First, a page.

An assignment of contract occurs when one party to an existing contract (the "assignor") hands off the contract's obligations and benefits to another party (the "assignee"). Ideally, the assignor wants the assignee to step into his shoes and assume all of his contractual obligations and rights. In order to do that, the other party to the contract must be properly notified. Read on to learn how assignments work, including how to keep an assignment option out of your contract.
How an assignment of contract plays out depends on many factors, especially the language of the contract. Some contracts may contain a clause prohibiting assignment; other contracts may require the other party to consent to the assignment.
Here's an example of a basic assignment of a contract: Tom contracts with a dairy to deliver a bottle of half-and-half to Tom's house every day. The dairy assigns Tom's contract to another dairy, and--provided Tom is notified of the change and continues to get his daily half-and-half--his contract is now with the new dairy.
An assignment doesn't always relieve the assignor of liability. Some contracts may include a guarantee that, regardless of an assignment, the original parties (or one of them) guarantees performance (that is, that the assignee will fulfill the terms of the contract).
An assignment of a contract will not be enforced in the following situations.
The contract prohibits assignment. Contract language, typically referred to as an anti-assignment clause, can prohibit (and "void") any assignments. We provide a sample, below.
The assignment materially alters what's expected under the contract. If the assignment affects the performance due under the contract, decreases the value or return anticipated, or increases the risks for the other party to the contract (the party who is not assigning contractual rights), courts are unlikely to enforce the arrangement. For instance, if Tom's local, organic dairy assigned the contract to a factory farm dairy, this would be considered a material alteration.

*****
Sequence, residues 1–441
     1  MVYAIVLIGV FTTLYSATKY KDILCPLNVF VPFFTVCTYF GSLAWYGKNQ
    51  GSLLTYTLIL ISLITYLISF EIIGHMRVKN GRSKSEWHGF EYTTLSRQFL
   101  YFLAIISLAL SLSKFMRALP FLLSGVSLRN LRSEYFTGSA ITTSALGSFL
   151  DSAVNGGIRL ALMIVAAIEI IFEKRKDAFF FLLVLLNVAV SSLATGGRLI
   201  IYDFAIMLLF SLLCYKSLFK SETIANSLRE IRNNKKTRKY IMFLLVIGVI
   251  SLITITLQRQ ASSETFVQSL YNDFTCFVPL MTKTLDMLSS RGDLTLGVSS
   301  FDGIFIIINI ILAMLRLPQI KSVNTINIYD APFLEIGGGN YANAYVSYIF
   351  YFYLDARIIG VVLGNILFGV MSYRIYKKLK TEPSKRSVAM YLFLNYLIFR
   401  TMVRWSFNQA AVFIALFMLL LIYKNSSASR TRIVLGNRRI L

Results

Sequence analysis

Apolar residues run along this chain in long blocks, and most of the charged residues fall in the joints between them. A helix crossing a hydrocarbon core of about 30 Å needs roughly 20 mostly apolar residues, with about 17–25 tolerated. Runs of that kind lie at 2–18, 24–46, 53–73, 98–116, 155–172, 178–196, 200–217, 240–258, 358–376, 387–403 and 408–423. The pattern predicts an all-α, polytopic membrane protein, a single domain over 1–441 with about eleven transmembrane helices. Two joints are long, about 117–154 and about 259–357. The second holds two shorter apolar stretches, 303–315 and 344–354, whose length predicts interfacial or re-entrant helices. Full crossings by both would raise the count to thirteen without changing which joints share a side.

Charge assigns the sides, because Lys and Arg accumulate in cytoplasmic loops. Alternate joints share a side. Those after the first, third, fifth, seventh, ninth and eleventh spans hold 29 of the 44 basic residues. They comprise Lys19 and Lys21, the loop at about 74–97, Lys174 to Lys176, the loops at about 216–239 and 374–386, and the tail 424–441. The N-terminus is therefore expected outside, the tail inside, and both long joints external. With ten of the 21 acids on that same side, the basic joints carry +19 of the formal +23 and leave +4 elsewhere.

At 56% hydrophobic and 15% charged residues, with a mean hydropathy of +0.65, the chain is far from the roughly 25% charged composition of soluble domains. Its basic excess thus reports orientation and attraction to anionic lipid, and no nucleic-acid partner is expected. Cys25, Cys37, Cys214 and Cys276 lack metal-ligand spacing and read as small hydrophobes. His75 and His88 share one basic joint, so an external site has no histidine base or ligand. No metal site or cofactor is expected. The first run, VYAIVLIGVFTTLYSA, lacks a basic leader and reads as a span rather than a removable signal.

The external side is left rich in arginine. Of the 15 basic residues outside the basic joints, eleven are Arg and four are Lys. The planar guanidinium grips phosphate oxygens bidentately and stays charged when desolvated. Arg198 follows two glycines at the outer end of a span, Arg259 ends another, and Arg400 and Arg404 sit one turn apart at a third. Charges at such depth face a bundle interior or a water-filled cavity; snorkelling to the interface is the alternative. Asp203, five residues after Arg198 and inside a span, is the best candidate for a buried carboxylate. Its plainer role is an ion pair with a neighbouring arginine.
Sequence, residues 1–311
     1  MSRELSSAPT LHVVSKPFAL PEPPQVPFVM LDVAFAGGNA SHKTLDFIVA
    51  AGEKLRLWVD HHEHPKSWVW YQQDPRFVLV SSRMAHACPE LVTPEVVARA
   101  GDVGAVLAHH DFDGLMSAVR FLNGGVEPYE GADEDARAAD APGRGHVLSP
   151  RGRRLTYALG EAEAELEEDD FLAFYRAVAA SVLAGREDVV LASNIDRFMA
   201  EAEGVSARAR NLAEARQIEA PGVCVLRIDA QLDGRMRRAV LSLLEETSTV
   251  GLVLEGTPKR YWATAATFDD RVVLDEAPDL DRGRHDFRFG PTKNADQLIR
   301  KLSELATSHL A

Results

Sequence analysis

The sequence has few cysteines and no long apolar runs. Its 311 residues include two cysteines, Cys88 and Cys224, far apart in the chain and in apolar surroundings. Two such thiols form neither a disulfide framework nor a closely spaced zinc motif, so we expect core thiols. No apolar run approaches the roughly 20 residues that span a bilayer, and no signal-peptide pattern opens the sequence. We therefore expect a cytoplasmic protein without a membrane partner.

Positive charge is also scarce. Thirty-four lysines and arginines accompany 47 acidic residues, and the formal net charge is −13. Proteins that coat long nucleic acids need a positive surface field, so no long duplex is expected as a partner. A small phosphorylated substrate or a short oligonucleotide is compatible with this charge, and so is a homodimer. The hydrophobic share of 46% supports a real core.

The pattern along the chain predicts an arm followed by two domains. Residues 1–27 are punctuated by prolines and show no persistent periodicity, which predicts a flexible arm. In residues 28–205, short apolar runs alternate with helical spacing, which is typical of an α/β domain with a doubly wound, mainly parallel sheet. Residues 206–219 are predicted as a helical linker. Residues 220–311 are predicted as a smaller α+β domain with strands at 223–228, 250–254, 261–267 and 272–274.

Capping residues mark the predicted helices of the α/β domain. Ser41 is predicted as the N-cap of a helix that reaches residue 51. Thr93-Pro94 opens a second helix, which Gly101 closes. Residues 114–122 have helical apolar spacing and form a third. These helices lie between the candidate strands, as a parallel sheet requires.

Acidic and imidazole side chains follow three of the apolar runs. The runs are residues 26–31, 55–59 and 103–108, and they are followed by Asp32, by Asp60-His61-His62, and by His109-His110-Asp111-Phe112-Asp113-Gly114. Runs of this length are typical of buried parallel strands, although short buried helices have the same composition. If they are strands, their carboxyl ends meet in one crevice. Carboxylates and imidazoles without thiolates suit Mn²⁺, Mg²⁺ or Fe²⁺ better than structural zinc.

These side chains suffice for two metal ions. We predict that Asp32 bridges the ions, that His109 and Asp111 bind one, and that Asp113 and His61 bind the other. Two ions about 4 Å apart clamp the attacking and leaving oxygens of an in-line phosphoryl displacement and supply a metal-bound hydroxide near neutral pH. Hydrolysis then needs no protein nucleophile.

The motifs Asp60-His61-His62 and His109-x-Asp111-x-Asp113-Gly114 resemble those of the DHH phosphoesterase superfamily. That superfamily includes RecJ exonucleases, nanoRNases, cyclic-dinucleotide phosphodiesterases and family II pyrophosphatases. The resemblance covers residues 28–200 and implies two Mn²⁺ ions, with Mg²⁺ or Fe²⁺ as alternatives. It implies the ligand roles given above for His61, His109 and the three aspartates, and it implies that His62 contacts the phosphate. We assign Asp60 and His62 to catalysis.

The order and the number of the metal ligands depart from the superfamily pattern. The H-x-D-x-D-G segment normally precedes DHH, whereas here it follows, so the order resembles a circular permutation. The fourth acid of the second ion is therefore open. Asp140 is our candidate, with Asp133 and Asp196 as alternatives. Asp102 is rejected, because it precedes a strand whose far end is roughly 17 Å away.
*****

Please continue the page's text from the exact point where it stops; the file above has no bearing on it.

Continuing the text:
The assignment violates the law or public policy. Some laws limit or prohibit assignments. For example, many states prohibit the assignment of future wages by an employee, and the federal government prohibits the assignment of certain claims against the government. Other assignments, though not prohibited by a statute, may violate public policy. For example, personal injury claims cannot be assigned because doing so may encourage litigation.
In some cases, a party may not wish to assign the contract but only to get somebody else to fulfill its duties. Obviously, not all duties can be delegated--for example, some personal services are usually not delegated because they are so specific in nature. For example, if you hired Ted Nugent to perform at your event, he could not arbitrarily delegate his performing duties to Lady Gaga. To prohibit one party from delegating the responsibilities of the contract, the parties should include specific language to that effect in the agreement. For example, an anti-assignment clause might state, "Neither party shall assign or delegate its rights."
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